Measuring deformation of a compression spring to monitor performance of a safety valve
A safety valve is outfit with sensors to monitor performance. The safety valve may include valve mechanics comprising a closure component moveable relative to a seat. The device may also have a pre-load unit coupled with the closure component. The pre-load unit may utilize a coiled compression spring to generate spring force to keep the closure component in contact with the seat. A strain gauge may be disposed on the compression spring to measure strain, for example, shear strain in the compression spring. Analysis of this data may predict set pressure (or “set point”). This prediction may, in turn, form a basis for an alert or other indicator that the safety valve requires maintenance or repair.
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Thermal hydraulic power plants use “fail-safe” devices to protect against rapid increases in pressure on lines that carry cooling water and steam. Also known as “safety” valves, or “pressure relief” valves, these devices are necessary to avoid “overpressure” conditions that can cause damage to equipment or parts of facilities. The potential for extensive damage, particularly at nuclear facilities, is one reason that operators must monitor performance of these devices. Routine checks to evaluate performance of safety valves are also necessary to ensure that the safety valves meet set, regulatory performance standards. These checks often focus on set pressure (or “set point”), which defines the pressure at which the safety valve opens to relieve pressure in the process line. Failure of just one device, by even as little as 1% of set pressure, for example, may require operators to evaluate each and every one found in the facility. This “fleet” evaluation may cost operators in both labor and downtime because of the hundreds of safety valves that are found at the facility.SUMMARY
The subject matter of this disclosure relates to improvements to avoid costly labor and facility downtime that often results from these comprehensive fleet evaluations. Of particular interest herein are safety valves that generate data that reflects mechanical properties of load-generating components, like a coiled, compression spring. This data correlates well with set point and other operating metrics for the safety valve. In this way, the embodiments provide means to alert plant operators and engineers to performance defects that may fail to meet requirements so as to facilitate timely maintenance or evaluation outside of any normally mandated performance checks.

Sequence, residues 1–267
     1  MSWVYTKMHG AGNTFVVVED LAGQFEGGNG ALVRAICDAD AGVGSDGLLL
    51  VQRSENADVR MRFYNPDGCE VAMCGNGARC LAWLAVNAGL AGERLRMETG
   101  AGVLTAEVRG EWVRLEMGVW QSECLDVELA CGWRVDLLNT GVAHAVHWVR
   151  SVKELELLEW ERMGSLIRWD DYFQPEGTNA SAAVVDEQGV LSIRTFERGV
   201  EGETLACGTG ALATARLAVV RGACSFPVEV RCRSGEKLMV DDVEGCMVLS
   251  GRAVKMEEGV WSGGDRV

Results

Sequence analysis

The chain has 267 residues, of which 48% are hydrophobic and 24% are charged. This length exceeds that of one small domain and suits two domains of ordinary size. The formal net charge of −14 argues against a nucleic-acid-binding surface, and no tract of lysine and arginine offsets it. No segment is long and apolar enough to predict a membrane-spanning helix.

The embodiments herein offer an advantage over practices-to-date that monitor performance of valve assemblies. These practices may use strain gauges, but data from these gauges typically relates to fluid pressure (upstream of the valve) or strain on components like the valve stem (or spindle). The compression spring, on the other hand, is better suited for strain measurements because it provides more area to mount the strain gauge and because the compression spring is particularly sensitive to operation of the device. The sensitivity is particularly useful to predict set pressure, as shown in the Tables 1 and 2 below, which compare calculated strain values for the compression spring (“Spring”) and for other components, like the spindle, compression screw (“Screw”), and spring washer (“Washer”) on valves rated for different set pressure.
Calculations for the values in Table 1 and 2 above are based the references set forth in Table 3 below (see
The information in Tables 1 and 2 above show that the strain measured in the spring is at least 60% more than strain measured in the other components (e.g., screw, washer, spindle, etc.) found on the valve assembly. The findings indicate that the embodiments are more likely to detect very small changes in performance characteristics because such changes would result in changes in strain that are too small to be measured on the other components on the valve assembly.
Reference is now made briefly to the accompanying drawings, in which:
Where applicable, like reference characters designate identical or corresponding components and units throughout the several views, which are not to scale unless otherwise indicated. The embodiments disclosed herein may include elements that appear in one or more of the several views or in combinations of the several views. Moreover, methods are exemplary only and may be modified by, for example, reordering, adding, removing, and/or altering the individual stages.DETAILED DESCRIPTION
The discussion below describes embodiments of a safety valve that can generate data in situ in position on a process line. The embodiments measure mechanical properties of a component, namely, a compression spring, which differs from practices-to-date that focus on operating conditions, like ambient temperature or humidity in proximity to the safety valve, fluid pressure upstream and downstream of the device, or even physical condition (e.g., location) or mechanical properties of certain parts, like the valve stem. Use of the compression spring, on the other hand, is beneficial because this component is particularly sensitive to operation of the device. The resulting data is useful to predict changes in set point. As an added benefit, the data may show that the safety valve was open to relieve pressure and provide basis to calculate volume of material that was lost, among other operating metrics for the device. These features can benefit plant operators and, ideally, avoid costly and time-consuming analysis (and maintenance) that may result from mandatory checks. Other embodiments are within the scope of the subject matter.